Tommy Fury’s bout against KSI on Saturday night is called boxing, but it is not as the sport’s purists know it.
Fury, whether he likes it or not, carries the family name on his young shoulders whenever he steps between the ropes. Increasingly, he carries the sport’s reputation too.
So far, he is undefeated in nine contests, including a victory over YouTuber Jake Paul earlier this year. He puts that record on the line on Saturday, against Olajide Olayinka Williams “JJ” Olatunji, known as KSI, another influencer, with more than 24 million YouTube subscribers. The full card features a group of wannabe “boxers” who have hundreds of millions of followers online.
As well as being an online sensation, KSI has become a professional boxer and musician. Everything KSI touches turns to gold. He is the CEO of Misfits Boxing and the co-owner of Prime Hydration, XIX Vodka and a restaurant chain. Dazn, the sports broadcaster, has signed a five-year deal with KSI to stage 35 events. The first few of these have proven a huge commercial success with sold-out venues and large income from pay-per-view television.
This, the eighth event, sold out the Manchester Arena in less than an hour and is expected to bring in upwards of half a million pay-per-view buys.
The size of this event should frighten the hell out of everyone in boxing. It has a freak-show feel and is promoted more like WWE than prize-fighting. Yet research from one online bookmaker suggests that one in three boxing fans will watch the fight this weekend. Rubber-necking? Perhaps.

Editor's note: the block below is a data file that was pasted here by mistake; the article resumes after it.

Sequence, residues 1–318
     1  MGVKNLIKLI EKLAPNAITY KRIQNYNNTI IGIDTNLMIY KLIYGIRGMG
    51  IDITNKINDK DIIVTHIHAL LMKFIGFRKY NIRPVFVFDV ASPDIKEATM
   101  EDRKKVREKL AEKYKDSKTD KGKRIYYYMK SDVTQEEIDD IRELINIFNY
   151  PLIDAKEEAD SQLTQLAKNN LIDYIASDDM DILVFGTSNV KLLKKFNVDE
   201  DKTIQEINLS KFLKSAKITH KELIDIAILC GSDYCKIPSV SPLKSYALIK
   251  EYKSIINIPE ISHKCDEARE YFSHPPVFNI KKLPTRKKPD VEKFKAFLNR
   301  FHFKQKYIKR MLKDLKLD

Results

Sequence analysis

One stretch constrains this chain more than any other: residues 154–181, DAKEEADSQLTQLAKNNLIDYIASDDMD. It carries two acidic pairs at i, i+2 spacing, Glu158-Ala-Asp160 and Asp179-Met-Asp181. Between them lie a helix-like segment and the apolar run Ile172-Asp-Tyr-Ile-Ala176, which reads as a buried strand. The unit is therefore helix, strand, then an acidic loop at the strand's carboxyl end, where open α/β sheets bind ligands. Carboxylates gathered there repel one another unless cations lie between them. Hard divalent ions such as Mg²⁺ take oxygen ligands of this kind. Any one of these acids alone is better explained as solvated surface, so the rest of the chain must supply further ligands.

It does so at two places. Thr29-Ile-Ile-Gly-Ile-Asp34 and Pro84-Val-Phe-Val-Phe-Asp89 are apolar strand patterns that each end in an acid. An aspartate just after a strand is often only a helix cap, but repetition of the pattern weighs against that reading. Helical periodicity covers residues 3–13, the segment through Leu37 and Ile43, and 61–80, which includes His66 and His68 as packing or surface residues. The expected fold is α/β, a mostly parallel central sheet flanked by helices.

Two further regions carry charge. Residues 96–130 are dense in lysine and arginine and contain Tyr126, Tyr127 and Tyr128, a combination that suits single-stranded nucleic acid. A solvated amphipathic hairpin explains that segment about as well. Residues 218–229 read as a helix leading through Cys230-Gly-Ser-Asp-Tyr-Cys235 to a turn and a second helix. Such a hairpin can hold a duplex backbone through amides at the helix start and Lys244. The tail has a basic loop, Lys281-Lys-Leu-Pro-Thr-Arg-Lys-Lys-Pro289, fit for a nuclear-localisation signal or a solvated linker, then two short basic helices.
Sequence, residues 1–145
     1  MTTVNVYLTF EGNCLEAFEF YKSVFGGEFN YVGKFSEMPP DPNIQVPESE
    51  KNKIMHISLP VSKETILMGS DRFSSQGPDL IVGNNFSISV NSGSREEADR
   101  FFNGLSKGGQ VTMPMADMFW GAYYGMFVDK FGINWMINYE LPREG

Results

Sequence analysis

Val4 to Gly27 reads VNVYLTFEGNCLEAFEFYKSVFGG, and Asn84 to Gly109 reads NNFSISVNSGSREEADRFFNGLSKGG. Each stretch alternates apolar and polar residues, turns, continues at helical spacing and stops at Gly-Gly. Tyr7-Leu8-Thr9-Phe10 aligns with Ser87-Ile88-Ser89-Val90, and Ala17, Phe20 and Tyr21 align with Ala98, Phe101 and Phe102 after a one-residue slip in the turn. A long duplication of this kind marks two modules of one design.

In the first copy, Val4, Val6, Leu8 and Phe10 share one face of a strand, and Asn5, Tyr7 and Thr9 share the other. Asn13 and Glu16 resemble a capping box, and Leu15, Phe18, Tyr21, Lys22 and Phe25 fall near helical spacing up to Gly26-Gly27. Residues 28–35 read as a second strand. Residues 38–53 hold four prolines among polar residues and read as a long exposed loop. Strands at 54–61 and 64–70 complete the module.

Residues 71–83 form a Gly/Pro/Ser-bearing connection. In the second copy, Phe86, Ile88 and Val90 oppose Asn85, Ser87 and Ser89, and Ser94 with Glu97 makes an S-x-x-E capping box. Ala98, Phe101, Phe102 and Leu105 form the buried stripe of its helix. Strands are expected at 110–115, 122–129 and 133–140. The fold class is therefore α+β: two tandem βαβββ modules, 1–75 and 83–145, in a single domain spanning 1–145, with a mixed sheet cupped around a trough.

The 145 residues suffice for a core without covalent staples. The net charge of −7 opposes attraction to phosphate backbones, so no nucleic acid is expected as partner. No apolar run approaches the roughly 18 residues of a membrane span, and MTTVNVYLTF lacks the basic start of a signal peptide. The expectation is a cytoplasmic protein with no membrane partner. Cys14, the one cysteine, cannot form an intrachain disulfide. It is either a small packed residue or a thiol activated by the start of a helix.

It all changed for Fury four years ago. With aspirations as a professional fighter, and trained by his father John Fury, the teenager took time off from his boxing career to enter the fifth series of Love Island. He and Molly-Mae Hague finished as runners-up. The TV show brought Fury instant fame. And made him a target for the world’s most popular YouTube influencers, who recognise that boxing offers a perfect platform for drama and theatre.
So when Fury, the brother of world heavyweight champion Tyson Fury, fought Youtuber Jake Paul in Saudi Arabia in February (delayed three times, which made it even bigger) I suggested then that young Fury had to win for boxing’s sake.
He did win, it was entertaining – Fury was knocked down in the last round – and the relief was tangible in the Briton’s camp. It generated huge pay-per-view numbers, and millions of dollars (the American influencer with 45 million subscribers is a master promoter) even though all the jeopardy sat on Fury’s shoulders.
That eight-round contest in Diriyah, Saudi Arabia might have been labelled as a pantomime act, but there were many hardcore boxing fans watching through their fingers. The same will be true on Saturday night.
In truth, Fury – who is reportedly earning a truckload of money – should overwhelm KSI with ease and yet taking on another Youtuber is a dilemma. His fame and fortune get another gigantic boost, but it will gnaw at him that he is not fighting on undercards at the York Hall, Bethnal Green, making his way through the levels, aspiring to world titles. He is unlikely ever to go back there now, for less money and less attention. Already there is talk about a rematch with Paul and other influencers are lining up to fight him too. He sells. He’s a target.
And why shouldn’t Fury take the work now? He is a young father who has found himself in the right place at the right time. But there is also envy of Fury – resentment even – in the pro game, where Saturday night’s bout with KSI, over six three-minute rounds, is not viewed as “real” boxing.
Some will say that Fury represents the sport and must not lose against a YouTuber. Others will argue that he shouldn’t be taking the fight at all. He must win. And yet he can’t win.